1) 'The dehydration of formamide is conducted in iron catalyst at 380°C to 430°C under reduced pressure. The tubes are filed with Fe or Al phosphate catalyst that also contains Mg, Ca, Zn or Mn as promoters. The selectivity to HCN is 92% to 95%'
(Weissermehl, Arpe Industrial organic chemistry VCH 1997)

2) It's a common oppinion that this organic compound cannot be turned appreciably into ionic cyanides; luckily this is true as far as the human metabolism goes, but the Japanese patent 10167721 makes a refreshing claim. For those who can find acetonitrile cheaply, and with a tube furnace, consider this:
'PROBLEM TO BE SOLVED: To efficiently convert acetonitrile into prussic acid by a simple method by using activated carbon as a catalyst in producing prussic acid by reacting acetonitrile with oxygen or oxygen and ammonia. SOLUTION: In this method for producing prussic acid by effectively utilizing acetonitrile as a by-product in production of acrylonitrile, activated carbon is used as a catalyst. Industrially useful activated carbon is generally used. The shape of activated carbon may be granule of powder. Pure acetonitrile is not necessarily required and a mixture may be used. Oxygen may be diluted with an inert gas such as nitrogen or may be supplied as air. The amount of oxygen used is preferably 2-3 mols based on 1mol of acetonitrile. The reaction temperature is preferably 400-500 deg.C. The reaction pressure is preferably high with respect to contact efficiency with the catalyst and may be normal pressure or slightly under pressure in terms of simplicity of facilities. The reaction time is preferably about 0.5-5 seconds.'
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[*] posted on 22-2-2009 at 04:51


Someone on the forum was interested in this so I tried it out.

Quote:


Decomposition of Potassium Ferricyanide by the Action of Heat. V. CUTTICA (Guzsetta, 1922, 52, i, 20-.25).-

Protracted heating of potassium ferricyanide at 230C results in complete decomposition of the salt according to the equation

2K3Fe(CN)6 = 2FeC2 + 2N2 + CN2 + 6KCN.

658 56 52 390

The intermediate green substance formed during the heating (cf. Locke and Edwards, A., 1899, i, 407, 557; Cuttica and Canneri, A., 1921, i, 322) exhibits the oxidising properties of the original salt, but differs from it in certain of its reactions, and contains complex iron cyanides with less than six cyanogen groups in the molecule.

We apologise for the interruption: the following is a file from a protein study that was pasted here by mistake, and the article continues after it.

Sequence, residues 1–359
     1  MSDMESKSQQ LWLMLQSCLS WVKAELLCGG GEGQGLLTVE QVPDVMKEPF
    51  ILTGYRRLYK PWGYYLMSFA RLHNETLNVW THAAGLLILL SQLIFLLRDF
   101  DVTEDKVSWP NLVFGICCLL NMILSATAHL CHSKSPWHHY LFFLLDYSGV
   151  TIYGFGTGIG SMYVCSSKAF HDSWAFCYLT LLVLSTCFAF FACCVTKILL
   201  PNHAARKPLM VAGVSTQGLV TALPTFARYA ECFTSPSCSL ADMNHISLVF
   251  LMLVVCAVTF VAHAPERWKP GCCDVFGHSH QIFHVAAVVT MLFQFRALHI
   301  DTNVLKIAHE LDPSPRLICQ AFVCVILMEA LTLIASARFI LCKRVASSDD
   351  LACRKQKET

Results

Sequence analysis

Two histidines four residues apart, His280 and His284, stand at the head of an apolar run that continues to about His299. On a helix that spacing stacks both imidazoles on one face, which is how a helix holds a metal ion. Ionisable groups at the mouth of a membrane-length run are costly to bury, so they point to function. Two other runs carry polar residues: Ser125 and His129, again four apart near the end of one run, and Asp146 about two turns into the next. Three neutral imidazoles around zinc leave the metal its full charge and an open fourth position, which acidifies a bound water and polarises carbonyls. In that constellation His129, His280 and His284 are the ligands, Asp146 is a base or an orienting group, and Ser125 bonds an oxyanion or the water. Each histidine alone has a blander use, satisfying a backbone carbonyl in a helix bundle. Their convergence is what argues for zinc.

Ferricyanide is superior to the ferro salt in that there is no water of crystalization (.3H2O for ferro) to speak off. But at 230C there was almost no weight loss as per formula - and there was only 0.1gms lost at 480C for up to two hours heating. This puts in doubt the report above if it refers to anything like reasonable reaction time, as chemical reaction rates on average double every 10C or so. Nonetheless some iron was reduced as addition of HCl resulted in deep blue colouration indicating some Fe(II) present (the original ferricyanide gives a deep yellow colouration only).

4.4gms ferricyanide was then held at 180C for 1hr in a box oven to rid of any moisture, then heat was raised to 400C for 0.5hrs, 640C 2hrs, 680C 0.5hr. A borosilicate tube blocked with glass wool was used as container - which was not ideal as it softened and bent, while KCN being basic attacks the glass. Nonetheless at the end the bent tube was filled with a white powder and black granules, was brocken, ground up, and 50ml H2O added and mixed. Filtration under vacuum gave a clear solution (no ferri evident in product). This shouldnt be evaporated as KCN decomposes in boiling water. Alcohol added (100ml) immediately gave a white precipitate which was filtered and dried. 1gm obtained, which = 40% yield - would be higher for larger batches.

To test for KCNO 0.1gms was dissolved in H2O/alcohol and HCl (conc) added. A heavy mist of HCN resulted, but there was no effervescense (CO2) - this quick test indicates no substantial oxidation of KCN had occurred.

[Edited on 22-2-2009 by len2]
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[*] posted on 23-2-2009 at 07:44


One approach which I saw appeared to work:

To a cold saturated solution of KOH was added K4Fe(CN)6 crystals until no more would dissolve. The flask was sealed with plastic film to exclude CO2 and O2. Over a period of some days, Fe hydroxides and oxides precipitated, and the color of the solution changed from yellow-green to clear. The supernatant was decanted. On further chilling, transparent square plates and small cubes crystallized. Filtered quickly, washed with a minimum of very cold distilled water, a very small amount (milligrams) gave a very strong blue reaction with FeSO4 solution.

I believe it took several weeks overall, using an outdoor shed during autumn. It would seem to depend on KCN being somewhat less soluble than KOH or K2CO3 and very little O2 being available to destroy the KCN. Perhaps the air in the flask could be displaced with something else to improve the yield.

According to an old Chem Rubber handbook, the only likely substance in that solution which crystallizes to a square or cubic form would be KCN giving a second reason to believe the process worked.
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[*] posted on 23-2-2009 at 18:35


I'm sure people will be giving that a try now.

----

There are many places where one can find a mini-review of cyanide, and many resources have been posted on this board over the years. At the very beginning, Beilstein mentions a review in JACS
http://books.google.com/books?id=lAkSAAAAIAAJ&pg=PA31
there is also
http://books.google.com/books?id=lAkSAAAAIAAJ&pg=PA3
These are not the greatest, but they are informative to those not aware of the history (to 1889) and it gives me something to post.